We headed on tracking down the desert road again and rode until the sun set. It was good going but being the desert road everything was starting to get covered in that fine layer of dust that you find on old floor boards in the loft of a cob house. It got everywhere and was as fine as flour. We spotted some bushes off the road to the right and pitched our tent, hidden for the night.
Riding into the sunset
Sunday 9th December
We woke up amongst the olive trees. Sharon had slept badly so had an extra 15 minutes (as it makes all the difference) It was a hazy day around 22 degrees which suited us fine. We got on the road and joined the trucks heading to Aswan.
We stopped after 15 miles feeling tired and needing a quick break. We had a cold drink and chi and bought a large box of biscuits to keep us going. Soon after we went through a police check point. They stopped us and asked to see our passports. They asked us where we were going, we told them Aswan. They walked off with our passports and said they needed to call the chief. After quite a lot of persuasion we convinced them we didn’t need an escort. We stopped for lunch having done 32 miles. It was another police check point /garage and there was a good shelter out of the sun. We headed off an hour later full of noodles and tea.
A while later we went through another check point. This time we weren’t so successful in convincing them we didn’t need an escort. They followed us for a while and we came across a truck that had spilt its load of tomatoes. We simultaneously stopped both wanting to help put their load back in the many crates that were scattered on the road. The police vehicle stopped and one of the policemen got out shaking his head and said ‘what are you doing?’ Sharon replied ‘Egyptian people help us so we want to help them’. He replied ‘I think English people are nice people’ They stood around for a while and started to look bored. Eventually they asked if we needed them and we said no thanks. They headed off and we were grateful to be on our own once more. We continued to pick up tomatoes off the road for another 20 minutes or so before heading on.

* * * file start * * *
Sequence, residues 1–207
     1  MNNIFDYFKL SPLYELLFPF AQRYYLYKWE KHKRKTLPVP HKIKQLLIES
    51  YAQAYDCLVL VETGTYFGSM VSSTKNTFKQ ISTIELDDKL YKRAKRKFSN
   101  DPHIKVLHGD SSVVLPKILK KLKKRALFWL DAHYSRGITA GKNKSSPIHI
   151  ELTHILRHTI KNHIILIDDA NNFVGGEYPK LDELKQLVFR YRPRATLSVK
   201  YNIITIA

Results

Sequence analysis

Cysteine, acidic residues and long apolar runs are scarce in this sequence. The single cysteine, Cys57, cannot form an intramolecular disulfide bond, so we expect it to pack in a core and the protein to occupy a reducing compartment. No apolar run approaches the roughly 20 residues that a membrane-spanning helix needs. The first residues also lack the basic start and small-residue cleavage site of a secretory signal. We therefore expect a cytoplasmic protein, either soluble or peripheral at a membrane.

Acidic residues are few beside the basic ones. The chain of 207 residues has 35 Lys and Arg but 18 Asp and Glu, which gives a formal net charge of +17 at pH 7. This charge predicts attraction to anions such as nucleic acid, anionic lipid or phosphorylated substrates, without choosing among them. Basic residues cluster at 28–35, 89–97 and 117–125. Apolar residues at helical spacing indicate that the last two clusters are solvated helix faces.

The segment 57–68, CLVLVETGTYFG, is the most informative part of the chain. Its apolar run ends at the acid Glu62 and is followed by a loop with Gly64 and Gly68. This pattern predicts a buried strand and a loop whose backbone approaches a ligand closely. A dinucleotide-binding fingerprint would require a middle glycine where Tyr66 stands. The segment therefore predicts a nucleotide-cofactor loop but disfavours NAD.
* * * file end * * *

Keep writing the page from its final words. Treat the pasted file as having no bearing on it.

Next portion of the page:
Tim helping out
It was getting dark and we eventually found a spot behind some trees. Tim wasn’t feeling well and struggled to eat his dinner. He got an early night while Sharon packed up. We both fell asleep as soon as our heads touched our pillows.
Riding into another beautiful sunset
Monday 10th December
A hidden spot in the sand
We woke with the sun on the tent. Tim still felt unwell, didn’t sleep that well and felt a bit detached from everything. The farmer came over to see what we were doing and was a nice guy offering us to stay at his house. Needing to head south we pushed our bikes through the sand up on the road. Tim gave the bike chains a good clean before setting off. The going was good but we took it steady.
As trucks passed, they would beep their horns encouraging us along. Nearing lunchtime we spotted a petrol station and they said we could cook in a side room. We laid our things out and had lunch. Noticing our food was getting low we needed to pick up a few bits which was tricky as most places only sold biscuits. We did manage to pick up enough to last a day so continued on.
Celebrating passing our 7,000 mile –
Tim is sporting his new Okehampton Cycle Club jersey!
We passed through a couple of police check points managing to avoid being spotted. The wind picked up and we found ourselves in the middle of a sand storm.
Can you spot Shaz?
Tim riding the storm
With the sun going down we called in at a cafe where the owner offered us to sleep in a room. We really needed to do another 15 miles so we declined.
We had only ridden 2 miles when we passed through another police check point. They pulled us over and asked where we were going. We told them Aswan and they pointed to the dark sky asking where we would sleep. We said the desert and before they could say anything we said goodbye. We shot off and pulled off the road 200 metres on, just to check where we were on the map so we didn’t overshot a junction putting us deeper in the desert. Confirming where we were we rode on to see the police waiting for us in the middle of the road. They insisted they escort us. We found it frustrating but quite funny as they drove at 10 mph right behind us. Sharon tried making them stall when going up a hill by cycling slower but they just about kept the engine going.
We rode on for about 8 miles when we were pulled over by another police car coming to take over. Sharon had a word with them saying we didn’t need them and thinking we had got rid of them, we found make them driving closer to us. We pulled over finding a great spot to camp but they were adamant we weren’t allowed and explained we had to go on another 4 miles to a police checkpoint. They said we could camp there on a sandy triangle right in the middle of a major road junction lit up by about 8 street lights. We insisted on camping off the road away from the lights and staring traffic. We wheeled our bikes down the bank and started to set up. Before we knew it we had 6 policemen and 2 paramedics (who were stationed nearby) all interested in the life of a cycle tourist. After many surprised faces and showing everyone the inside of our tent they all left so we could eat tea. Feeling much better then this morning the only challenge left for the day was to wash at a road junction….
Thank you for reading!